[Federal Register Volume 73, Number 160 (Monday, August 18, 2008)]
[Notices]
[Pages 48231-48234]
From the Federal Register Online via the Government Printing Office [www.gpo.gov]
[FR Doc No: E8-19032]


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DEPARTMENT OF HOMELAND SECURITY

Office of the Secretary

[Docket No. DHS-2007-0054]


Privacy Act of 1974; United States Citizenship and Immigration 
Services; Fraud Detection and National Security Data System (FDNS-DS) 
System of Records

AGENCY: Privacy Office, DHS.

ACTION: Notice of Privacy Act system of records.

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SUMMARY: The USCIS has developed the Fraud Detection and National 
Security Data System (FDNS-DS), a case management system used to 
record, track, and manage immigration inquiries, investigative 
referrals, law enforcement requests, and case determinations involving 
benefit fraud, criminal activity, public safety and national security 
concerns.

DATES: Written comments must be submitted on or before September 17, 
2008.

ADDRESSES: You may submit comments, identified by docket number DHS-
2007-0054 by one of the following methods:
     Federal e-Rulemaking Portal: http://www.regulations.gov. 
Follow the instructions for submitting comments.
     Fax: 1-866-466-5370.
     Mail: Hugo Teufel III, Chief Privacy Officer, Privacy 
Office, Department of Homeland Security, Washington, DC 20528.
     Instructions: All submissions received must include the 
agency name and docket number for this rulemaking. All comments 
received will be posted without change to http://www.regulations.gov, 
including any personal information provided.
     Docket: For access to the docket to read background 
documents or comments received go to http://www.regulations.gov.

FOR FURTHER INFORMATION CONTACT: For general questions please contact: 
United States Citizenship and Immigration Services, Privacy Officer, 
Donald Hawkins, 111 Massachusetts Avenue, NW., Washington, DC 20529. 
For privacy issues please contact: Hugo Teufel III (703-235-0780), 
Chief Privacy Officer, Privacy Office, U.S. Department of Homeland 
Security, Washington, DC 20528.

SUPPLEMENTARY INFORMATION:

I. Background

    The Office of Fraud Detection and National Security (FDNS) of the 
United States Citizenship and Immigration Services (USCIS) has 
developed a new system named the Fraud Detection and National Security 
Data System (FDNS-DS). FDNS-DS is a central repository that permits 
specially-trained employees to record, track, and manage the background 
checks and adjudicative processes related to immigration applications 
and petitions with suspected or confirmed fraud, criminal activity, 
egregious public safety, and/or national security concerns, and cases 
randomly selected for benefit fraud assessments (BFAs). The system will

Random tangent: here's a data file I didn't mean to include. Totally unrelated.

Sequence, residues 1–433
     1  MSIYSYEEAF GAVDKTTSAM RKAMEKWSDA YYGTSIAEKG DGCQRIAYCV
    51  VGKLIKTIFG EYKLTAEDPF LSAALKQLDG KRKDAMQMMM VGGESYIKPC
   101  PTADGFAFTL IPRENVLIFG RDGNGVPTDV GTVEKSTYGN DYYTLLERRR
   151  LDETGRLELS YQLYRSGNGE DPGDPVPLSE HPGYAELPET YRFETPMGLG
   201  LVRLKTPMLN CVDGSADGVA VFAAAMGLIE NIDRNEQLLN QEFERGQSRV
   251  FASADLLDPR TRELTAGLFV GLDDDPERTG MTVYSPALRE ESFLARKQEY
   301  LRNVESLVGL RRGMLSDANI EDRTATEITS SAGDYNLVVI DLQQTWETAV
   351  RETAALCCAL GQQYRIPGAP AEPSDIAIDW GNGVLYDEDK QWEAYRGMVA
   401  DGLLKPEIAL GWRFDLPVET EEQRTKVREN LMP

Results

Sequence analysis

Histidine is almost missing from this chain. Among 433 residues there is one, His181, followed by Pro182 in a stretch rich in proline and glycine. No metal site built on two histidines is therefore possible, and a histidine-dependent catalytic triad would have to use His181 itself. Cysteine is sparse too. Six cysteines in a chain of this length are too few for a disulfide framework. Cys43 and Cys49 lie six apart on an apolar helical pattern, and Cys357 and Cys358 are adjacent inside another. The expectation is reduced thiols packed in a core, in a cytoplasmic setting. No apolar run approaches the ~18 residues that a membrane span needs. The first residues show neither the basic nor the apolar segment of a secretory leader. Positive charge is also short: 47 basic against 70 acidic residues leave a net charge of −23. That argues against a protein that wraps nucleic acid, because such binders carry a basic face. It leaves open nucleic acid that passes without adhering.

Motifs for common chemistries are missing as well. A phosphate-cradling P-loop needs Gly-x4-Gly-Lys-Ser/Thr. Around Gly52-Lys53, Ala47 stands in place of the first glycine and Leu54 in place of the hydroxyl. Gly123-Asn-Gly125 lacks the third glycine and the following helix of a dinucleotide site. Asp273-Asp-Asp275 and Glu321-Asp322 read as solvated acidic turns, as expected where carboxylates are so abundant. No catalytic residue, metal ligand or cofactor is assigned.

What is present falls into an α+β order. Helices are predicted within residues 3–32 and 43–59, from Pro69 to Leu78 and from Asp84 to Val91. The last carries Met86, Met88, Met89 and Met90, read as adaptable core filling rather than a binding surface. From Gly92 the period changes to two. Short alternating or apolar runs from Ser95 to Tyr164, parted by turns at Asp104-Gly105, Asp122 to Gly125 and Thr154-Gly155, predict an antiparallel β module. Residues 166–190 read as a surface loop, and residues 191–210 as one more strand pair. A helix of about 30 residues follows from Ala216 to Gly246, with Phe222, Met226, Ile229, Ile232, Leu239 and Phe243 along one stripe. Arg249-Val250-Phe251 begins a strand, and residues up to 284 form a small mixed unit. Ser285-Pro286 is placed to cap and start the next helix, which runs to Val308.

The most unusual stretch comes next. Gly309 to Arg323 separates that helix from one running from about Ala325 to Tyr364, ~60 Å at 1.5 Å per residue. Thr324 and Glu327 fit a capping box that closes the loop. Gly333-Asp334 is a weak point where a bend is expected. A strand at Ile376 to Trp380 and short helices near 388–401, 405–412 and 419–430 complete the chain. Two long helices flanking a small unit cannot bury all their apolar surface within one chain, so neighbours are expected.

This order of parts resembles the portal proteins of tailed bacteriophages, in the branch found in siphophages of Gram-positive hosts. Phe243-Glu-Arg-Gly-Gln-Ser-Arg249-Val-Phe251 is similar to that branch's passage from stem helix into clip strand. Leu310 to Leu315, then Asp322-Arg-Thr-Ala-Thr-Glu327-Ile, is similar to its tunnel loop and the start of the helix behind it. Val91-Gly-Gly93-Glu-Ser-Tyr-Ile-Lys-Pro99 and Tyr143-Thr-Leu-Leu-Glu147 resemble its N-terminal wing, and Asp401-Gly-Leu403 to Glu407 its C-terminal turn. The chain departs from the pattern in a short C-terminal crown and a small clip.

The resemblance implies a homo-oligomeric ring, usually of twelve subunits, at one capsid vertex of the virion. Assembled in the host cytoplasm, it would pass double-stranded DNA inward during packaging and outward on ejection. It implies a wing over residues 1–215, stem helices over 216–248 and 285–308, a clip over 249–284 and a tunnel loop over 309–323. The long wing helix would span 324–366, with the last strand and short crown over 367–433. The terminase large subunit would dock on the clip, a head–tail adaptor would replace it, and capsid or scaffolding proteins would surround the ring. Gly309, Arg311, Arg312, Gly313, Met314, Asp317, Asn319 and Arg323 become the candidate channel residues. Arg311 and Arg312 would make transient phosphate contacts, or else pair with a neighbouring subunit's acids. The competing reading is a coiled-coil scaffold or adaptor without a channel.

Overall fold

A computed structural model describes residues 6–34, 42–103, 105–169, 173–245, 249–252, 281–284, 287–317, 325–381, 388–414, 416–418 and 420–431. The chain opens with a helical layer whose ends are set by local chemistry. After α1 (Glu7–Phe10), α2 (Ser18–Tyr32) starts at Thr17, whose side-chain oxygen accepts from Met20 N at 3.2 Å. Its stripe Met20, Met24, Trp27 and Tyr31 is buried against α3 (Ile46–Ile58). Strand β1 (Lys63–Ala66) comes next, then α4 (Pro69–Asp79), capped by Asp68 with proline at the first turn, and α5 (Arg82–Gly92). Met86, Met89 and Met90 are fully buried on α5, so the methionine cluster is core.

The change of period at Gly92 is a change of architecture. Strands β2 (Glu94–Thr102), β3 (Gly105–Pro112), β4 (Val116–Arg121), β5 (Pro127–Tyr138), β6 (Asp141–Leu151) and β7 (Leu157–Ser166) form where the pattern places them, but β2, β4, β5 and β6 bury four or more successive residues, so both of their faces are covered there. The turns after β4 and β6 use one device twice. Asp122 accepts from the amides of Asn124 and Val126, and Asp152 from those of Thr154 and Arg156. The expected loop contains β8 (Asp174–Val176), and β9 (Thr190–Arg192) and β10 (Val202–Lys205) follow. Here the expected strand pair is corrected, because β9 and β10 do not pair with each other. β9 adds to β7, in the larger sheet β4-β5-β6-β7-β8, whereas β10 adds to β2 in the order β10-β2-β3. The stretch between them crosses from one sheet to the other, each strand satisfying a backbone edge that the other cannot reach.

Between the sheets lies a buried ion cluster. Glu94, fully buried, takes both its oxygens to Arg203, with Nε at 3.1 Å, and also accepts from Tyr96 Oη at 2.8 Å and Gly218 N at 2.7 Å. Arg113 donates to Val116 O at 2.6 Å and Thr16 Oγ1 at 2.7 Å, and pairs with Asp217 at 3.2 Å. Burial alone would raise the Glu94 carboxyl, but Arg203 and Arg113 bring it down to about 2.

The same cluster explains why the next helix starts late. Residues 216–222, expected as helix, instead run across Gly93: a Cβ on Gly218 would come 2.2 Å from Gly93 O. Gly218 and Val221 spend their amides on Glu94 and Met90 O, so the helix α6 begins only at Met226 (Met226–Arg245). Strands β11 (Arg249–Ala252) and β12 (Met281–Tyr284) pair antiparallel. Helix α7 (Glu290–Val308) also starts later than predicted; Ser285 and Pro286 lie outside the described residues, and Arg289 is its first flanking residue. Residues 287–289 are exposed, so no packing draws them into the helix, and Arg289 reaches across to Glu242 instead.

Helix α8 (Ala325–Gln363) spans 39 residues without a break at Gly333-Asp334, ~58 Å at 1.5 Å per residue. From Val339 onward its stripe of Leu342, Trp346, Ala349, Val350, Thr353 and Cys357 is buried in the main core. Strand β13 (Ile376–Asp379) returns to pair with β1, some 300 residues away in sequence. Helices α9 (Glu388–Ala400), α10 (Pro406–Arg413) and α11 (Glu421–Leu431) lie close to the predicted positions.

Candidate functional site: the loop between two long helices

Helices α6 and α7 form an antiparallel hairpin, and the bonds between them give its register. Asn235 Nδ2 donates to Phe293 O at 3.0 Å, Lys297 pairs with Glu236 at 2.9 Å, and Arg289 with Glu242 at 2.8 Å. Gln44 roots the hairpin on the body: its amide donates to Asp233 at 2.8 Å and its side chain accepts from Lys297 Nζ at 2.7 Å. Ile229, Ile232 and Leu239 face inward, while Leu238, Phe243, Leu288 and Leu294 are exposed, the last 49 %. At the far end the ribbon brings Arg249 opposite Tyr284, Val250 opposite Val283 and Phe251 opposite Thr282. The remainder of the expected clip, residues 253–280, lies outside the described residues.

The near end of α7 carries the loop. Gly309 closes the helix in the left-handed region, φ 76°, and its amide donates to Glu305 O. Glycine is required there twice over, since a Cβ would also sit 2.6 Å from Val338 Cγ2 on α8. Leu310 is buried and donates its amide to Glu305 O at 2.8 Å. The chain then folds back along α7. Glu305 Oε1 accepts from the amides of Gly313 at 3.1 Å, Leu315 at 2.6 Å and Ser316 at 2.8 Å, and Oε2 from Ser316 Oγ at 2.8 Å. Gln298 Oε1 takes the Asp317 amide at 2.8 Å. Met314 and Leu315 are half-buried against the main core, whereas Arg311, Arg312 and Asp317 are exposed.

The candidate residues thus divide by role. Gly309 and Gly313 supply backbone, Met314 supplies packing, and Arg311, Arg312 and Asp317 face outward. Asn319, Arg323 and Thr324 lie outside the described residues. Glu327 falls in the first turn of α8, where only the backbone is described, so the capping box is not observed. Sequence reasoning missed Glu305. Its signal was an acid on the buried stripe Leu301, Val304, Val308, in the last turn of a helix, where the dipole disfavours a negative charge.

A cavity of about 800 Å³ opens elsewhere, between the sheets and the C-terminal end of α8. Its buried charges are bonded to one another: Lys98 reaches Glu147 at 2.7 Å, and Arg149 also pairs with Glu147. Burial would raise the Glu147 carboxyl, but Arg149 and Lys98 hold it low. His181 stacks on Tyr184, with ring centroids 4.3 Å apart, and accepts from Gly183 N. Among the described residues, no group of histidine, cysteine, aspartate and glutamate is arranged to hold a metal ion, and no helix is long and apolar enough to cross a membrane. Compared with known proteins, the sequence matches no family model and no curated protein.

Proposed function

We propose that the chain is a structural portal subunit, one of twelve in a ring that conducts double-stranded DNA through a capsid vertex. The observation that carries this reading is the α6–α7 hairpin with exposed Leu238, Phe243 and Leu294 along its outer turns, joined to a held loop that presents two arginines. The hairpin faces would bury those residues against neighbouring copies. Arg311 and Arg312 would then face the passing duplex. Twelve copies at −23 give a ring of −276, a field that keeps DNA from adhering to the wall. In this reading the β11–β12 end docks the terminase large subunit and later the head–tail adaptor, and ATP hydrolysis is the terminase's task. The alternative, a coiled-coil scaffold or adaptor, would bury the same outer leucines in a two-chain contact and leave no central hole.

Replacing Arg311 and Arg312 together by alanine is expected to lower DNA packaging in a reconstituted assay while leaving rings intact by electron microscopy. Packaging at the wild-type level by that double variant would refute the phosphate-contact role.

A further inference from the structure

also have the capability to track the following:
    1. USCIS investigative referrals to law enforcement agencies 
(LEAs);
    2. LEA referrals to USCIS concerning subjects with pending 
immigration benefit applications or petitions;
    3. background check referrals and resolutions associated with 
suspected or confirmed fraud, criminal activity, egregious public 
safety, and/or national security concerns; and
    4. any additional inquiries conducted in order to confirm that the 
information on file is correct.
    FDNS has created FDNS-DS, a centralized data system, in order to 
increase the effectiveness of United States (U.S.) immigration system 
in identifying threats to national security, combating benefit fraud, 
and locating and removing vulnerabilities that compromise the integrity 
of the legal immigration system. With the implementation of FDNS-DS, 
USCIS's capabilities for detecting and tracking

[[Page 48232]]

benefit fraud and other criminal activity--and conducting efficient and 
accurate background check resolutions and adjudication of national 
security cases will be increased.
    In order to achieve the goals discussed above, FDNS-DS will store 
data related to immigration applications involving suspected or 
confirmed fraud, criminal activity, egregious public safety, and/or 
national security concerns. The data will include the results of 
required background checks conducted in connection with pending 
petitions/applications that results in subsequent inquiries conducted 
to resolve the background check results. FDNS-DS will also contain the 
following information related to cases involving suspected or confirmed 
fraud, criminal activity, egregious public safety, and/or national 
security concerns: USCIS investigative referrals to law enforcement 
agencies (LEAs) of suspected or confirmed fraud or other criminal 
activity; LEA referrals to USCIS related to pending applications; 
referrals to USCIS from the public or other governmental entities or 
fraud case referrals from the Benefit Fraud Assessment (BFA) process 
(``other referrals''); adverse information identified by USCIS from 
applications, administrative files, interviews, written requests for 
evidence (RFEs) or site visits; results of resolution of any of the 
above-described categories of adverse information; and adjudicative 
summaries and decisions.
    As noted above, FDNS-DS will store information concerning cases 
randomly selected for BFAs and will track interactions with Immigration 
and Citizenship Enforcement (ICE) and other LEAs (e.g., the Federal 
Bureau of Investigation [FBI], the Drug Enforcement Administration 
[DEA], and U.S. Customs and Border Protection [CBP]) in cases involving 
fraud or other criminal activity, and the Department of State in cases 
involving fraud related to selected types of visas for entry into the